A marketing analysis conducted at Yale University's Rudd Center picked apart the beverages' marketing claims and refuted them here in a simple, straightforward chart.

For example, the researchers showed that Gatorade G Series Recover is marketed as "providing hydration and muscle-recovery benefits with its specially designed protein replenishment formula," but the researchers refuted, saying, "Water is the optimal beverage of choice for hydration. The average diet is already high in protein and adequately supports physically active adolescents' muscle rebuilding and growth."

Energy drinks like the popular "RockStar" claim that the beverages are "Double Strength, Double Size. Bigger. Better. Faster. Stronger," but according to the researchers, the level of caffeine and guarana in these beverages "stimulate the cardiovascular and nervous system, and can have detrimental effects (such as tachycardia)." On top of that, the researchers correlated energy drinks with increased stress, nervousness, anxiety, headaches, insomnia and reduced academic performance. They were even found to cause hallucinations, tremors and seizures.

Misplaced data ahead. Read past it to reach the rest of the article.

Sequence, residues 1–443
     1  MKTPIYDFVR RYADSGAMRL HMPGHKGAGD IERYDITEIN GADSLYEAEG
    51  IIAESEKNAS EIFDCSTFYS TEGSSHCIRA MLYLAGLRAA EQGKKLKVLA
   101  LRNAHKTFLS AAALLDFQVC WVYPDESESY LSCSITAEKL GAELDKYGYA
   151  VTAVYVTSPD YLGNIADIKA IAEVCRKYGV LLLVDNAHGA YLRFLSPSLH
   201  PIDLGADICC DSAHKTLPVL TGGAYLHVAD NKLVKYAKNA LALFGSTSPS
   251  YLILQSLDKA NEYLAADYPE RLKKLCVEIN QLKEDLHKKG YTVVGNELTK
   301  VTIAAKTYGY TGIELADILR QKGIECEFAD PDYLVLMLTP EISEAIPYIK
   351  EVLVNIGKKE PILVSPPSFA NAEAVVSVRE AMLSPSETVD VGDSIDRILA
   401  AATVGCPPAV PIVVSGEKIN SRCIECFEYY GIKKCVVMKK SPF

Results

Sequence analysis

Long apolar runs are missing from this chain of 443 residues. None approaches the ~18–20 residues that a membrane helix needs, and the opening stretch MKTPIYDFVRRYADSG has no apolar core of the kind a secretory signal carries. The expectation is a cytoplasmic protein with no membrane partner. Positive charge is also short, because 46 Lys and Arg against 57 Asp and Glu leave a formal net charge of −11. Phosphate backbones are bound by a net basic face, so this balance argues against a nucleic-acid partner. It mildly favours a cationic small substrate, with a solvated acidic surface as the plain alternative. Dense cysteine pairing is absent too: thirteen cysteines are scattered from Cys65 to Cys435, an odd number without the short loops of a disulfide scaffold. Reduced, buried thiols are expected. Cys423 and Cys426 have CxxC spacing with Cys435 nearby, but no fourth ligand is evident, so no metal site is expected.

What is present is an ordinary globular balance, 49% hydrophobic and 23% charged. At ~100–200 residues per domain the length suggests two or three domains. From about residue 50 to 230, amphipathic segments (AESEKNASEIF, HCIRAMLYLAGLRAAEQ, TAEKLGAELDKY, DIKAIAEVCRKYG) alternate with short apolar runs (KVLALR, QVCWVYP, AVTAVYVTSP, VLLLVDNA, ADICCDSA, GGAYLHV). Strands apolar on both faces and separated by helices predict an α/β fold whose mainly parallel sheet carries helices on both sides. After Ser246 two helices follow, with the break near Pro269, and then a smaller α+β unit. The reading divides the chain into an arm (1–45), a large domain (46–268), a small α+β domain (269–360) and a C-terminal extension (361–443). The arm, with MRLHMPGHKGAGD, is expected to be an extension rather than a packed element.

In fact, the researchers found that all the drinks have one thing in common: explicit sugar content. Anything from popular fruit drinks to flavored water and from sports drinks to flavored teas all contained deleterious amounts of sugar and were determined to be fueling the increase of obesity and diabetes in today's culture.

Source: Tuesday, August 19, 2014 by: L.J. Devon, Staff Writer http://www.naturalnews.com/046513_sports_drinks_sodas_sugary_beverages.htmlread more

acassaraState researchers exploring health risks of sugary beverages